I would rather be ashes than dust.
I would rather that my spark should burn out in a brilliant blaze than it should be stifled by dry-rot.
I would rather be a superb meteor, every atom of me in magnificent glow, than a sleepy and permanent planet.
The function of man is to live, not to exist.
I shall not waste my days trying to prolong them, I shall use my time.

I guess this quote speaks to me because he so succinctly expressed that trying to avoid the hardship and pain of life, or seeking absolute relief from pain, should not be one’s goal in life, as it does not make life rich or full. The combination of the good and not so good experiences makes for a well-lived, well-rounded and exciting life. So embrace the chaos! Live! If you asked me what helped me begin to love and appreciate life again, and to find the beauty and joy of living, I’d say it was a combination of the following factors, plus time:

* First, friendship and unconditional love make a huge difference. Being able to talk to someone about my feelings and to receive their comfort, as well as their counsel, helped me to keep going each day. I also realized that by being flippant toward life and death I was not only hurting myself, but hurting those whom I cared about, which made me want to change; if not for my sake, then for their sake.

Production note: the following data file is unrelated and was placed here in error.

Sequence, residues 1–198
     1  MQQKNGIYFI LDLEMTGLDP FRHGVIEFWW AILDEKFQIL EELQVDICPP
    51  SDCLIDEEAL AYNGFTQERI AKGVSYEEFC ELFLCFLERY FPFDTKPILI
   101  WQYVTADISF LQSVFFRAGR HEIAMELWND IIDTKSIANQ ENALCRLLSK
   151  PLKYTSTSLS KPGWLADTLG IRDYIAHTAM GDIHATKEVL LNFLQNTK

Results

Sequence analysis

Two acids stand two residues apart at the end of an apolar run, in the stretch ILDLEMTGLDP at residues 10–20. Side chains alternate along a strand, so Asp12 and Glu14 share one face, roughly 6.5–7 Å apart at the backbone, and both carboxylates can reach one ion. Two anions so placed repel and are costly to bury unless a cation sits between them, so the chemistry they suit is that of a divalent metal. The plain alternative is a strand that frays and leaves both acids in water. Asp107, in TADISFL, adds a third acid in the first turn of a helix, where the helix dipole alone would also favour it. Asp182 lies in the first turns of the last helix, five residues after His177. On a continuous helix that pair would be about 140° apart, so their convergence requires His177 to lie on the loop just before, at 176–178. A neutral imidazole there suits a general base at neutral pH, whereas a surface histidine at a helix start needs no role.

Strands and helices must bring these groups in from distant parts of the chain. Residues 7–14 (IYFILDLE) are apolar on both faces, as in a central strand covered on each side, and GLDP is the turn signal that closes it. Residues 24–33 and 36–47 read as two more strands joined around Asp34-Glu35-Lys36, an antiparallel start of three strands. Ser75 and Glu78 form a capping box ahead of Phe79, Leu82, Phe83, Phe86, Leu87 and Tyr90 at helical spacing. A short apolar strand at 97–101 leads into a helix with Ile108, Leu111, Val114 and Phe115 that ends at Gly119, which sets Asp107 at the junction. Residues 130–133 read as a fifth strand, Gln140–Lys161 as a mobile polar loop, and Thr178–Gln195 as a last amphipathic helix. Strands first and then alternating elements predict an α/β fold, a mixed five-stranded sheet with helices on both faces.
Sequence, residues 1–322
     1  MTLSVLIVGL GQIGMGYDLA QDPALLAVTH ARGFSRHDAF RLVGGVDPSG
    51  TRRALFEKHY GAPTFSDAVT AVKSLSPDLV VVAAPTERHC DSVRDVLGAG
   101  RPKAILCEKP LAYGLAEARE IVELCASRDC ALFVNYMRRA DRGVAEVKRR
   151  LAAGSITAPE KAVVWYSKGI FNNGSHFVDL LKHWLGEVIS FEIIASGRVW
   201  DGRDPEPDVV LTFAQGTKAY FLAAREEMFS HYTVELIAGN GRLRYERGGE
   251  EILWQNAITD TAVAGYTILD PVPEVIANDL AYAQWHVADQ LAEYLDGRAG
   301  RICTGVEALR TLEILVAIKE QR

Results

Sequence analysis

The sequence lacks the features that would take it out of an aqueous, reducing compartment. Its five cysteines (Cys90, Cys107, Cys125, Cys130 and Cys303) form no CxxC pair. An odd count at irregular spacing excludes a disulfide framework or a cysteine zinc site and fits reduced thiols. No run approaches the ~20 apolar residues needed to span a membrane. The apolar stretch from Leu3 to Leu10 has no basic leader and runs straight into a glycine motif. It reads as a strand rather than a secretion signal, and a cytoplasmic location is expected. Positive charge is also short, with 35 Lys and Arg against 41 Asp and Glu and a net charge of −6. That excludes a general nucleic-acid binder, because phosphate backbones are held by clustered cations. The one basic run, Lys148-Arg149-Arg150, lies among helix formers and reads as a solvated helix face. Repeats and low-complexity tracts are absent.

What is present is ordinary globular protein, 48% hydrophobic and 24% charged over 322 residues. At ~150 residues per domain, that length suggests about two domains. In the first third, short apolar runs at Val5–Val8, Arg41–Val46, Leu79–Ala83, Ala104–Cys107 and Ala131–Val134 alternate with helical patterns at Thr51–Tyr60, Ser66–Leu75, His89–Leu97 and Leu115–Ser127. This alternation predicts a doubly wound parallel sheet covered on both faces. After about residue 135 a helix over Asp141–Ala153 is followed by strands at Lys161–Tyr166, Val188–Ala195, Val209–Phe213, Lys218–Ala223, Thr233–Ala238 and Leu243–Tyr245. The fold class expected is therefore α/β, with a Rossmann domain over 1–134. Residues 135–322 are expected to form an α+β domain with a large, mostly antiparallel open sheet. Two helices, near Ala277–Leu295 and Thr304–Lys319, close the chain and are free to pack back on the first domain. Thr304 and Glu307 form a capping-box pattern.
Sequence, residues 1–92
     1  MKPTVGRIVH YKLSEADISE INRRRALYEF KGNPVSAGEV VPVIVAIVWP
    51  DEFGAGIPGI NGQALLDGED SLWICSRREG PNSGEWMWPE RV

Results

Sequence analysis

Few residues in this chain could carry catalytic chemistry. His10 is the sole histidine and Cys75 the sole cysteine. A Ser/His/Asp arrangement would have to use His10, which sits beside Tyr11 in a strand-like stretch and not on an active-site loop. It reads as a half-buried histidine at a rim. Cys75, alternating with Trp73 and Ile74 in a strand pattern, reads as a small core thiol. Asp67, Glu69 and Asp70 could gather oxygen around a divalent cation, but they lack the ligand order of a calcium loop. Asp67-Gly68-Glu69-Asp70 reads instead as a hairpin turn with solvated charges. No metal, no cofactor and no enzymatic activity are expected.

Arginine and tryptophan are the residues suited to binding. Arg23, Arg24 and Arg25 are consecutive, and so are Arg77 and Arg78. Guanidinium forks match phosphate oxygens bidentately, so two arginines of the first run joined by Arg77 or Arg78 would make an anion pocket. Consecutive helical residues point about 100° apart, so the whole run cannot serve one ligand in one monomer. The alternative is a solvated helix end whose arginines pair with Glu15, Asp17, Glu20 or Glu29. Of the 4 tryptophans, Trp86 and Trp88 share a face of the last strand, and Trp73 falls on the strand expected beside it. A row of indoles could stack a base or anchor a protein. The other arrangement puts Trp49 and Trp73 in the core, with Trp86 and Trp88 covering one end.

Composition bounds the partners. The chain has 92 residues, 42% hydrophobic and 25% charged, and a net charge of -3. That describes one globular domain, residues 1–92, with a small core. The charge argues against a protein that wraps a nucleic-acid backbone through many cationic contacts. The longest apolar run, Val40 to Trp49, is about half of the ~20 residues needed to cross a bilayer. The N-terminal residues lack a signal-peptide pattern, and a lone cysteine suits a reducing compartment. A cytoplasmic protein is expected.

* Another factor was accepting that even though life isn’t easy or perfect and I would continue to have low times, my life on earth is a gift given to me by God; I wanted to please Him by living a life that He could be proud of.

* Making the decision to live for others was another factor. Regardless of how I feel about myself or my life, having a purpose to live for that is greater than myself motivates me to keep going.

* And, a little harder to put into words but also a big factor for me, was learning to choose joy. I got to a place where I hated being unhappy, I hated wallowing in self-pity—it wasn’t doing anything for me. In some ways happiness is a habit, gratefulness for life is a habit, and it’s one I’m cultivating. Unhappiness, self-pity, and negative thoughts can also be a habit. Sometimes reality is crappy and it’s not hard to feel terrible, but I try to choose joy instead.

Maybe someone listening to this podcast is experiencing some kind of despair or hopelessness. If that’s how you feel now or at times, I also encourage you to go to Jesus, to tell Him how you feel, and ask Him to give you the joy that the Bible so often talks about. This is what King David did when he would hit the depths of despair. One of his prayers shows that he must have felt very far away from God and very alone in his struggles. He said:

O Lord, how long will you forget me? Forever? How long will you look the other way? How long must I struggle with anguish in my soul, with sorrow in my heart every day? Turn and answer me, O Lord my God! Restore the sparkle to my eyes, or I will die.5